You spend tons of time on SEO and social media to get people to your site, but how much time do you spend making sure they stay, love it, and convert into long-term followers?
Making your blog user-friendly is an area that often gets overlooked, but it’s actually just as, if not more important than SEO.
SEO is a subset of the user experience. What Google and other search engines want, is to provide the best search result to their searchers, and that all comes down to the searcher’s experience on the search result page.
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HOW TO MEASURE USER-FRIENDLINESS
So then, the question becomes, how to create and measure content your readers will love. How do you know if you are connecting with readers instead of just search engines?
One of the best tools out there to help you wrap your head around this is called the HEART framework. A team at Google developed this as a way to help people measure the user experience in web applications. (Read the full in-depth article from Google in this pdf.)
HEART’s key metrics:⠀
- HAPPINESS: This measures overall satisfaction. Do your readers feel your blog is working well for them?⠀
- ENGAGEMENT: How do your readers interact with your blog? For example, do they click through to different recipes, sign-up for your opt-ins or leave comments?⠀
- ADOPTION: How many new readers are you receiving? This is where SEO and social media platforms make a difference.⠀
- RETENTION: How many of your new readers become regular readers?
- TASK SUCCESS: How easily can people visiting your blog accomplish what they came to do? On a food blog, the basic task people are usually trying to accomplish is to view and make your recipe. Can they do it easily?
I’ll break down each below.
At first, this may seem like a measurement that is a bit ridiculous and can’t be quantified. But, from the user experience mindset, happiness is really key.
Happiness entails the whole experience, from start to finish, and often even before and after. Happiness with your blog and brand is something that never ends.
This metric is best measured by actually asking users how they feel about your site.
For instance, the Net Promotor Score of your site, which is where users are asked the likelihood that they would recommend your site, can serve as a great insight.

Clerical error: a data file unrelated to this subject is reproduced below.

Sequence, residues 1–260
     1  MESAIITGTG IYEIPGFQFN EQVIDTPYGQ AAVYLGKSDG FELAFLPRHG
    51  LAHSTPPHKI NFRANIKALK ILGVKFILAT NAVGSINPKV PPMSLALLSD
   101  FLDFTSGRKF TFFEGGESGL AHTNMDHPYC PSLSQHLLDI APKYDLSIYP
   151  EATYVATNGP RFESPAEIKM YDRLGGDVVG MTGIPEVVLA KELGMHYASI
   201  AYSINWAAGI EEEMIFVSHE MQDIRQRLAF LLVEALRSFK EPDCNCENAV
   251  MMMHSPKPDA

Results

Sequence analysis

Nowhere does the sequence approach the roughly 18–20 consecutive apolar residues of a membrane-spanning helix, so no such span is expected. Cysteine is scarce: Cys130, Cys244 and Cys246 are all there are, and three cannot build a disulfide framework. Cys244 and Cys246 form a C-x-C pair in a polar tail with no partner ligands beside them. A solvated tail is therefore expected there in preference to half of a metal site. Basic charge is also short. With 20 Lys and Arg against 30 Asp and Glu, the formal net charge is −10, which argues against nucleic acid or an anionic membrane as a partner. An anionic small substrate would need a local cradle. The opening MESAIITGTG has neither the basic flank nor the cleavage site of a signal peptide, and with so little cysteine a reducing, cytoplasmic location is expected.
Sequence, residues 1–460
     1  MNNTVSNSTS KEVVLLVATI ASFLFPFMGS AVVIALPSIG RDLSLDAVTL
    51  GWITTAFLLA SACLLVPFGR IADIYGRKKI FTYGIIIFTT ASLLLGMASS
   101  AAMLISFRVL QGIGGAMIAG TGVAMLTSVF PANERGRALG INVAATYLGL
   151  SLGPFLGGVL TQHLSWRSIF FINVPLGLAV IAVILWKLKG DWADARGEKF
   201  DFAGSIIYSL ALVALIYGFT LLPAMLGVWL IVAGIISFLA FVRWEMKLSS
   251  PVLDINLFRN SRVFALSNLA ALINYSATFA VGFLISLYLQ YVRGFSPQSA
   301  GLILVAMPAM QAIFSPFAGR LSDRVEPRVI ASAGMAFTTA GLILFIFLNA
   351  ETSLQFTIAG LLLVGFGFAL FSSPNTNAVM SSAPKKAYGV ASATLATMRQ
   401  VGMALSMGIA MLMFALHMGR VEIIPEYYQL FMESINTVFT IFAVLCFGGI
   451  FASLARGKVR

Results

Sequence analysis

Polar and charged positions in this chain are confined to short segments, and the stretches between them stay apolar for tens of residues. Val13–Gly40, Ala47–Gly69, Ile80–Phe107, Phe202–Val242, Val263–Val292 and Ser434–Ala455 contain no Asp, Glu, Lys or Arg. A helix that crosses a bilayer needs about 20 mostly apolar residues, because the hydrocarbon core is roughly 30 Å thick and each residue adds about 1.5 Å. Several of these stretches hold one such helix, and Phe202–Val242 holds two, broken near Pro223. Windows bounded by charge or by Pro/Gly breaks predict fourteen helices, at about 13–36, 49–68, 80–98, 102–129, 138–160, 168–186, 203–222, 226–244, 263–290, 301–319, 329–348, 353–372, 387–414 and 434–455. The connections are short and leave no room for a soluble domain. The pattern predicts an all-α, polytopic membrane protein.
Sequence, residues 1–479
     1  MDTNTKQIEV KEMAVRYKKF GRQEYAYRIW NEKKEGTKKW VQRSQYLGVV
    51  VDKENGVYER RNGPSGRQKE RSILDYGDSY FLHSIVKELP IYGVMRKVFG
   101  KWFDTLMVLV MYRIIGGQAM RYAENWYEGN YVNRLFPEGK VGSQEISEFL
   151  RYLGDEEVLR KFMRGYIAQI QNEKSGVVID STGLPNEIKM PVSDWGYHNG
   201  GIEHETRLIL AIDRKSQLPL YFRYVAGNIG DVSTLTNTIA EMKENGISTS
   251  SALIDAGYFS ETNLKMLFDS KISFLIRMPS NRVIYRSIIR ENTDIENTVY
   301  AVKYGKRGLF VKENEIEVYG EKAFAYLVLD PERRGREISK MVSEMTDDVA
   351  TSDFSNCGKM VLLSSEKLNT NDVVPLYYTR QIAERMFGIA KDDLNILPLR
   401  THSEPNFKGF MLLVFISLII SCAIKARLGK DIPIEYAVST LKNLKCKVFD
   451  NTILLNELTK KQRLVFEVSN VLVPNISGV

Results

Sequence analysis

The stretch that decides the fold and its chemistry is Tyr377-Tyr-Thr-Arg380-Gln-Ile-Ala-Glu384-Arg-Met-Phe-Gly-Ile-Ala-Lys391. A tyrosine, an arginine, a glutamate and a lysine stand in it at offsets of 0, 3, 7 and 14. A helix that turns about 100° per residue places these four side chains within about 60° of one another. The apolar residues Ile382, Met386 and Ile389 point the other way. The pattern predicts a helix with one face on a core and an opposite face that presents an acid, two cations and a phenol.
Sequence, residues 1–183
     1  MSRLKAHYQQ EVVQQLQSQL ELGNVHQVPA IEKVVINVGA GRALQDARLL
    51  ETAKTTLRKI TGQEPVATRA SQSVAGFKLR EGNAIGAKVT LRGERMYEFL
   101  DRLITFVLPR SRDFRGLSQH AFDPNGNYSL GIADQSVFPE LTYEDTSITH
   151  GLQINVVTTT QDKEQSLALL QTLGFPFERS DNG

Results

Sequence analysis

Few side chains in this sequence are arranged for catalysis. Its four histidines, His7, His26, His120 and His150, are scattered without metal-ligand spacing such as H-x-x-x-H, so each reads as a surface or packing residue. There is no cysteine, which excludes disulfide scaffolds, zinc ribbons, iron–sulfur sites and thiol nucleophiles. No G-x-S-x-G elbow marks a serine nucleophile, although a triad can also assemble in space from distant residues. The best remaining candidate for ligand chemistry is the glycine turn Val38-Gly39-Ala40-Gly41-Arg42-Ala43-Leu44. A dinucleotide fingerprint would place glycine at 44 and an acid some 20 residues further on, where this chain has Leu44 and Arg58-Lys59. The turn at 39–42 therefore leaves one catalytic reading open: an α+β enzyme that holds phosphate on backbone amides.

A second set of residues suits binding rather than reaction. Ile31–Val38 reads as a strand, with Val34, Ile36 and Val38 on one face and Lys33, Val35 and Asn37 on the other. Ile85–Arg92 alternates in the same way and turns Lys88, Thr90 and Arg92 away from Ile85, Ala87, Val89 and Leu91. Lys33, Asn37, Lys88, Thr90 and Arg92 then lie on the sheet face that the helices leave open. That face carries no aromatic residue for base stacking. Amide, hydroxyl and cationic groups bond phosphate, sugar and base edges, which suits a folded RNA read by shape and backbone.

Using a tool like HotJar allows you to put surveys and record heatmaps on your site and get real feedback from actual users. This allows you to see what users actually think and do without guessing.
How well and to what degree users engage with elements on your blog should always be key factors.
For a food blog, you might not see as much engagement as some types, as many people come “just for the recipe.”
But even recipe engagement is something that should be measured. That can be done by looking at metrics, among many, such as time on page and how many reviews or comments you receive on a recipe page.
Beyond that, if your site (and recipe) is good, readers will want to click through to learn more about you, view other recipes, purchase items, or sign up for your newsletter.
Ultimately, that should be your goal anyway–to create readers who want to engage with you in other ways beyond just one recipe.
This is the category where most food bloggers focus. SEO falls here, as well as anything you do to get eyeballs on your site.
Adoption is typically measured through page views and/or sessions per month through a tool like Google Analytics.
You can also analyze the adoption of other specific tasks, such as the success of people signing up for your newsletter, or how many people purchase a product you sell.
Are your readers coming back?
This is a huge factor, as it’s easier to keep a reader that’s already familiar with you than to get a new one.
If all these other elements are put into place, you should be retaining readers.
You can measure this through reports in Google Analytics, such as “New vs. Returning Users” and the “Cohort Report.”
Email and social media are both great at helping you retain readers, as once they subscribe or follow you, they should (hopefully!) always be there and stay connected.
This category often gets drastically overlooked, especially for food bloggers.
If the majority of people visiting your site come to make a recipe, how easy is it for them to access that recipe?
Honestly, this one creates quite a bit of friction between you as a food blogger and your readers, as the readers often want to see the recipe first, while food bloggers want it last to optimize ad views and SEO.
From a true user experience perspective, having the recipe card first, or near the top would be best. The “Jump to Recipe” button is a decent compromise but is still basically a band-aid around this issue.
So, you should do everything you can to make sure your recipe card is easy-to-find and easy-to-read. Make it stand out from everything else, add the “Jump to Recipe” button, limit ads in the recipe card and so on.
The easier your readers find it to access your recipe, the happier they will be.
Google also outlines a way to set goals and measure them around the HEART framework, called Goals-Signals-Metrics.
When you place this all into a grid, as shown below, you can see how it becomes a great way to measure the user experience on your blog.
In this case, the goal is what you want to happen, the signal will be things that can be measured, and then the metric is the actual measured results.
When you fill this all out and get results, you come away with a very well-rounded picture of how user-friendly your site is, and where you can improve.
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